Coachella Valley Independent May 2024

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Mailing address: 31855 Date Palm Drive, No. 3-263

Cathedral City, CA 92234 (760) 904-4208


Jimmy Boegle

staff writerS

Haleemon Anderson

Kevin Fitzgerald

coveR and feature design Dennis Wodzisz


Melissa Daniels, Charles Drabkin, Katie Finn, Bill Frost, Bonnie Gilgallon, Bob Grimm, Valerie-Jean (VJ) Hume, Clay Jones, Matt Jones, Matt King, Keith Knight, Cat Makino, Brett Newton, Greg Niemann, Dan Perkins, Gilmore Rizzo, Theresa Sama, Jen Sorenson, Robert Victor

The Coachella Valley Independent print edition is published every month. All content is ©2024 and may not be published or reprinted in any form without the written permission of the publisher. The Independent is available free of charge throughout the Coachella Valley, limited to one copy per reader. Additional copies may be purchased for $5 by calling (760) 904-4208. The Independent may be distributed only by the Independent’s authorized distributors.

The Independent is a proud member and/ or supporter of the Association of Alternative Newsmedia, the California Newspaper Publishers Association, CalMatters, DAP Health, the Local Independent Online News Publishers, the Desert Business Association, and the LGBTQ Community Center of the Desert.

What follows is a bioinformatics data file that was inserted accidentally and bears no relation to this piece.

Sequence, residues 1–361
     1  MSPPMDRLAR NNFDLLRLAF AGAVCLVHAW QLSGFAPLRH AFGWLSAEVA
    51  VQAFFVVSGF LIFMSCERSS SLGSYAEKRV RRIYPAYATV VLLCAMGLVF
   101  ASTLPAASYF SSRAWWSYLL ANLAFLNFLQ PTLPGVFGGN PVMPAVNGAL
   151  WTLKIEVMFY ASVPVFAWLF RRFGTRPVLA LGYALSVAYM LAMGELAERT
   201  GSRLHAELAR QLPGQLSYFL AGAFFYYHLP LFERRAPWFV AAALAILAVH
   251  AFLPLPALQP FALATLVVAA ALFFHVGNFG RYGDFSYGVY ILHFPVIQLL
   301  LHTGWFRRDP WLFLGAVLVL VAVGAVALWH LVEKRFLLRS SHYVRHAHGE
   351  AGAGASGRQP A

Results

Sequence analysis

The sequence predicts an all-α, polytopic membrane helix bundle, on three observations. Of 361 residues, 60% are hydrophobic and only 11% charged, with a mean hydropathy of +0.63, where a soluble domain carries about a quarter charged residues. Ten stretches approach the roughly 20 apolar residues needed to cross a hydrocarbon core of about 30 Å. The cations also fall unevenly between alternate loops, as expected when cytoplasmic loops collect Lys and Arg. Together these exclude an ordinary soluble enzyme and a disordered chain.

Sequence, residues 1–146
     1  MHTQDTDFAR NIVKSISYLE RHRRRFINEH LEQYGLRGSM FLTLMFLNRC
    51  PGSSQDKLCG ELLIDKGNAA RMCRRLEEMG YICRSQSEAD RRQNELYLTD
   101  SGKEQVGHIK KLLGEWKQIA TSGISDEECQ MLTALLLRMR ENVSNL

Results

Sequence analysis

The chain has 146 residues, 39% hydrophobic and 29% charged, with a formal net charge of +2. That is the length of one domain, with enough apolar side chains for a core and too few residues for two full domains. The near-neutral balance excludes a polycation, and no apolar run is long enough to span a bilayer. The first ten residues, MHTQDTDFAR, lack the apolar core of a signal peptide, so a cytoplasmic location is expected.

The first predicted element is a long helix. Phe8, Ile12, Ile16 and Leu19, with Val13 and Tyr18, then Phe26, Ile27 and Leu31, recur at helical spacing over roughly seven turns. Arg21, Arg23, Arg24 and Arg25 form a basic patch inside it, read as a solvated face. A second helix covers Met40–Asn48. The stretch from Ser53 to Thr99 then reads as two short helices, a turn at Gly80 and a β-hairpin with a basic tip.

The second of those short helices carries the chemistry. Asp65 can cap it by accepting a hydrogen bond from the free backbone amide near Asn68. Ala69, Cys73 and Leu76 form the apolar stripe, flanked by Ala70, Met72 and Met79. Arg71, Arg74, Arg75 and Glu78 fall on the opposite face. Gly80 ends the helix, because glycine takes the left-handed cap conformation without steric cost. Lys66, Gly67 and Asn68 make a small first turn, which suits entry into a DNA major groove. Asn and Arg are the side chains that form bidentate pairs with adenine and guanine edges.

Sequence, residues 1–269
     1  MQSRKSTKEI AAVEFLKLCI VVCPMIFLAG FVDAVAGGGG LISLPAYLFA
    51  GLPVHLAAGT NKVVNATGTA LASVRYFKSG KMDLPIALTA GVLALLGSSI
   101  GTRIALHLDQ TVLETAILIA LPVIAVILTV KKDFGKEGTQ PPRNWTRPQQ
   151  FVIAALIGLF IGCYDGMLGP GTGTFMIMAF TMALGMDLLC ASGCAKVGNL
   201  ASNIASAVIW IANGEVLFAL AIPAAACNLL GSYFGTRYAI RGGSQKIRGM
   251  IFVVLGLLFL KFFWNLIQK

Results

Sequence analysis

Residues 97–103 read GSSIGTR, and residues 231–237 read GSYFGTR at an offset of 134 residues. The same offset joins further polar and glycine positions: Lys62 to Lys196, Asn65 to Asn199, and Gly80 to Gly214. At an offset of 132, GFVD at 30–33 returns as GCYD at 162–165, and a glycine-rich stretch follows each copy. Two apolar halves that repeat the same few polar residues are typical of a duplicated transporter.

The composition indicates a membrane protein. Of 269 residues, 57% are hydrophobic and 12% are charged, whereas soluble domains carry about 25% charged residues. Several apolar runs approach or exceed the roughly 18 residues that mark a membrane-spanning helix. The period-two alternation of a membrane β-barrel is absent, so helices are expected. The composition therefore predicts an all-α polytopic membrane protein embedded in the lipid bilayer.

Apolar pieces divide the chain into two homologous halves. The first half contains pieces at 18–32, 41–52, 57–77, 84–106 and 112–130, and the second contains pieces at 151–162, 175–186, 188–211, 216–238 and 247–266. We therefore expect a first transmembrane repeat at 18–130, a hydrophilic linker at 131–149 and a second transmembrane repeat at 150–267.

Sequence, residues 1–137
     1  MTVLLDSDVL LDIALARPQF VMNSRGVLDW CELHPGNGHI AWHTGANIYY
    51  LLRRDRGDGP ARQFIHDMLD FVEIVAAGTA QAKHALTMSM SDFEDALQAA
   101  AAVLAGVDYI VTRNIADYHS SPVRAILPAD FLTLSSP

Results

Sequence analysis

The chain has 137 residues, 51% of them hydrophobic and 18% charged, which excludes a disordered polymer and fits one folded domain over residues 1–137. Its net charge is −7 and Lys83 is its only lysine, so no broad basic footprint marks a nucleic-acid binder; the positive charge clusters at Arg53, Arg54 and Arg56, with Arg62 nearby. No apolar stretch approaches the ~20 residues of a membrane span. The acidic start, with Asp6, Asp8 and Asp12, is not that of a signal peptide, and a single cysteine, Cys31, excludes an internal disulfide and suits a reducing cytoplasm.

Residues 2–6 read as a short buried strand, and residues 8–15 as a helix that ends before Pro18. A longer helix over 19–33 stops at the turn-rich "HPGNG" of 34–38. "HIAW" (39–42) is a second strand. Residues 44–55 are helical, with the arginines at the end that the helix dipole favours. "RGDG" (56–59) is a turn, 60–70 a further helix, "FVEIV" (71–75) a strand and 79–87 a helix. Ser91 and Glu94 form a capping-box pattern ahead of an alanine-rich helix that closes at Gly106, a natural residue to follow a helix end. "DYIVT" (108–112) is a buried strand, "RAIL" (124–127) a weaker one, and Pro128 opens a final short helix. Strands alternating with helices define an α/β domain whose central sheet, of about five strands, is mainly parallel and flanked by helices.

The last month or so has worn me out.

There has been a lot to do here at the Independent and at our sister newspaper in Reno. I’ve also been spending a ridiculous amount of time in meetings and discussions dealing with the proposed California legislation that would force Google and Facebook to pay news operations for the links to news on their platforms. (I’ll have more to say about this at a future date; while I’m told changes are coming to what’s being called the California Journalism Preservation Act, I am not a fan of the bill as it stands as of this writing.) Throw in some family obligations, and my schedule has been nuts.